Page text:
Absolutely charming, unabashedly offbeat “Blue Juice” is a quirky comedy billed as Britain’s first surf pic. It could well do strong indie business in the U.S. if an adventurous distrib targets hip young auds. But marketing mavens will have to convince moviegoers that the phrase “Brit surf film” is not an oxymoron. With strong press support, film will likely do well on its home turf and could spark interest in other English-speaking territories. “Blue Juice” seduces precisely because writer-director Carl Prechezer and co-scripter Peter Salmi make the most of the comic ironies inherent in a story about hapless surf bums stuck on the chilly, Cornish coast of England. But pic doesn’t just ride a wave of easy laughs. Prechezer and Salmi, who are making their feature debut, add depth to the wit thanks to some dynamite perfs from a strong ensemble cast and a feel-good, inspirational finale.
Legendary local surfer JC (Sean Pertwee) is having a hard time coming to grips with the notion that his wave-riding heroics are a thing of the past, and he’s having an even tougher time dealing with his sexy girlfriend, Chloe (Catherine Zeta Jones), who’s unsuccessfully trying to get him to settle down. Poor old JC has to wear a girdle due to a bad back, and his back pain makes even sex painful, as is hilariously portrayed in a side-splittingly funny scene in which his randy girlfriend makes trifle on his naked body.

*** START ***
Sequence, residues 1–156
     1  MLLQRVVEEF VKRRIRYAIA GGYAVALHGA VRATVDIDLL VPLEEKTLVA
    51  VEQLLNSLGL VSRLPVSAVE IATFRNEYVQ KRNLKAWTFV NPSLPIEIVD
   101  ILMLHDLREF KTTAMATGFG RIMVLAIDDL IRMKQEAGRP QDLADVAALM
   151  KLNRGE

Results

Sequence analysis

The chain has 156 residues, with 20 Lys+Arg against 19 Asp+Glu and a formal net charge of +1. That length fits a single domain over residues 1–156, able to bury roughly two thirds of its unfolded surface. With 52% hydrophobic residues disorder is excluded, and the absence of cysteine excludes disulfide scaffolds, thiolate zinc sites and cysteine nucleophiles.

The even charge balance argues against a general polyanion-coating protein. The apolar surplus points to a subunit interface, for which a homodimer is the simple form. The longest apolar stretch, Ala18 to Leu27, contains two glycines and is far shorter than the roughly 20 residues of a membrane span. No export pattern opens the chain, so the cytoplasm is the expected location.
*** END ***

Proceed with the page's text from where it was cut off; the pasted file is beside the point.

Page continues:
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Chloe finally kicks him out of the house when three old friends of his from London show up on his doorstep in the middle of the night. His former mates are dealing with turning 30 even worse than JC is. Dean (Ewan McGregor) is a drug-addled hipster, Josh (Steven Mackintosh) is a hot techno-music producer, and together they’ve kidnapped Terry (Peter Gunn), another old buddy who is about to be married. They feel it’s their duty to liberate the rather dull Terry before he becomes imprisoned in a boring marriage.
At the beginning, not all that much surfing goes on for the very good reason that there doesn’t seem to be a wave in sight off the picturesque Cornwall coast , and JC is reduced to teaching kids how to surf on the sand. Chloe is determined to buy a run-down diner, the Aqua Shack, where all the surfers hang out. Some of the funniest moments in pic are provided when Dean slips Terry some mind-altering pharmaceuticals and the bore suddenly goes wacko. Pic ends with some fairly dramatic surf action.
Pertwee is perfect as the impossible-to-dislike JC, Jones steams up the screen as Chloe, and McGregor, who starred in Scottish click “Shallow Grave,” delivers the pic’s best performance as the bordering-on-psychotic Dean.
Prechezer and Salmi’s script is overloaded with finely tuned humor, and Prechezer’s direction manages to strike just the right balance of yuks, watery thrills ‘n’ spills and heart-melting romance.
Lensing by Richard Greatrex is first-rate, as are all tech credits. Soundtrack features slew of hip British rockers like Ride and Swervedriver.